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Author Topic: Best techniques for multi-row panoramas using tilt/shift lens  (Read 22486 times)

the_ether

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I'm planning a shoot of a landscape similar to the following picture whereby there is a long field going off into the distance. The printed result will be very large, say, 10 feet square. To create it I will need to stitch together several rows and several columns of shots.

A big issue I'm concerned about is depth of field, as it would have been for the photographer in the above example. I could use focus stacking but am concerned about the quality given that the final, printed picture will be so large. I suppose the best thing would be to hire a tilt / shift lens, but how do I use that when photographing the different rows I need? Do I change the lens tilt for each row? Do I simply set the focusing for the centre of the entire field of view and then keep it static when taking all the shots I need?

I assume I need to get special guides to attach to my tripod head so that I can move the camera appropriately through the shots I need for the rows and columns but I wasn't sure how such movements would work with a tilt / shift lens. Any advice would be much appreciated.
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David Campbell

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Re: Best techniques for multi-row panoramas using tilt/shift lens
« Reply #1 on: March 19, 2012, 06:35:59 AM »

I am sure Bernard (the photographer that took the image you have posted as a sample) can give us some tips.
He is active on LuLa and may see this post.

For my panoramic stitches, I use the Really Right Stuff Panoramic head (old and latest one). If you are using a large telephoto for example a 300/2.8 you will need the more sturdy latest version. These heads make panoramic images so easy.

I have not tried multi-row using a tilt shift but have done single row panoramic images with a 24TS and camera body in portrait orientation with excellent results.

In terms of focus staking, I have not had good results, mainly due to the the extra time and care it takes to get it right. Often the lighting condition has changed etc. Instead I use the hyperfocal.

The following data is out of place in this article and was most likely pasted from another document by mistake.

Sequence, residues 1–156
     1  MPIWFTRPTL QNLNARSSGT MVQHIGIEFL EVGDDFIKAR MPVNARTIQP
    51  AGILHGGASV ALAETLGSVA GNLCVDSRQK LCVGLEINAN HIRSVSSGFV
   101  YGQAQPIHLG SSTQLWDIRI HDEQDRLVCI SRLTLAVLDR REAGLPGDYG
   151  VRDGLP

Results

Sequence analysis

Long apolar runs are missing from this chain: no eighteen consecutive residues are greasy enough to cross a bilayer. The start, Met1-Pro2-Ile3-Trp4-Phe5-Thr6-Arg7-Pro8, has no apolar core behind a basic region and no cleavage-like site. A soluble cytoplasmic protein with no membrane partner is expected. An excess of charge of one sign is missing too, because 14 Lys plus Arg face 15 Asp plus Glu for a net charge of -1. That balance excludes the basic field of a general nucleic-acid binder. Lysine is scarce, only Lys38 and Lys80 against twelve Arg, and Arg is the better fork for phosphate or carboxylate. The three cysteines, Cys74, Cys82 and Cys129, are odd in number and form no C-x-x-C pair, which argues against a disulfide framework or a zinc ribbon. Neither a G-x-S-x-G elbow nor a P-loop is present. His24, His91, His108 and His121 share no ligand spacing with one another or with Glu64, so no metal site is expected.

Depending on the difference between you near and far subjects, you maybe able to use different focus for each row so that enough of the over lapping area in the stitch is acceptably sharp so you don't notice it in the final stitch.

If you can get up high (and far) and shoot down on the scene that will help with your depth of field/long lens concern.

Another option is to use the highest resolution camera you can get your hands on (buy/rent) so you can use a wider lens, you will still get detail and will not have to take as many shots to get the resolution for your desired print size. So maybe you will only need 1 row?

I will be keen to see what others suggest. Hopefully, Bernard shares some of his techniques.

Cheers,

David



Tony Jay

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Re: Best techniques for multi-row panoramas using tilt/shift lens
« Reply #2 on: March 19, 2012, 07:32:24 AM »

Actually there are a couple of options with regard to focus stacking.

Helicon Focus markets a utility piece of software that computes and controls the focus points required once it knows the near and far focus points of the scene in question.
In contrast to manually fiddling around this system will take shots as rapidly as the camera settings, buffer, and write speed of the memory card will allow.
The downside is that one is forced to shoot tethered to a computer, usually a laptop in the field, and this introduces its own layer of practical challenges. These can be overcome if one allows for the fact that shooting multishot panoramas is not an impulse exercise in the first place.

The second option is a remote release, the brand name escapes me for the moment despite the fact that I own it, that is also programmable and allows an essentially automated sequence of shots at appropriate focus points.

Both these utilities also do HDR shots where again the user can input the exposure intervals required.

I am not at home at the moment so if anyone one wants more info just post on the thread and I will get back to you in the next day or so with the details.

Regards

Tony Jay
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the_ether

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Re: Best techniques for multi-row panoramas using tilt/shift lens
« Reply #3 on: March 19, 2012, 01:48:50 PM »

Quote
Helicon Focus markets a utility piece of software that computes and controls the focus points required once it knows the near and far focus points of the scene in question.

Thanks, but I don't see how that would help in my case whereby I need to stitch together several rows.

To expand on my original post, these are some issues I am pondering over:

- use a 50mm or 85mm lens rather than a wide angle so as not to have distortions at edges which may cause problems when stitching the columns + rows together;

- I probably don't need an L-frame on my head for this landscape scene as there aren't any verticals in the scene; I'm assuming I won't have parallax issues if I simply rotate and tilt the whole camera (?);

- thinking more about the tilt/shift lens, I think what I should do is to set the tilt such that when focusing the bottommost part of the bottom row and the topmost part of the top row will be in focus. I then do not change the focus or lens tilt and take all the shots I need for each row for stitching together in Photoshop. By initially setting the correct tilt that covers all the rows, the wedge of in-focus area will have been set and tilting the camera (rather than the lens) to move from one row to the next should not cause any adverse issues (?).

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Tony Jay

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Re: Best techniques for multi-row panoramas using tilt/shift lens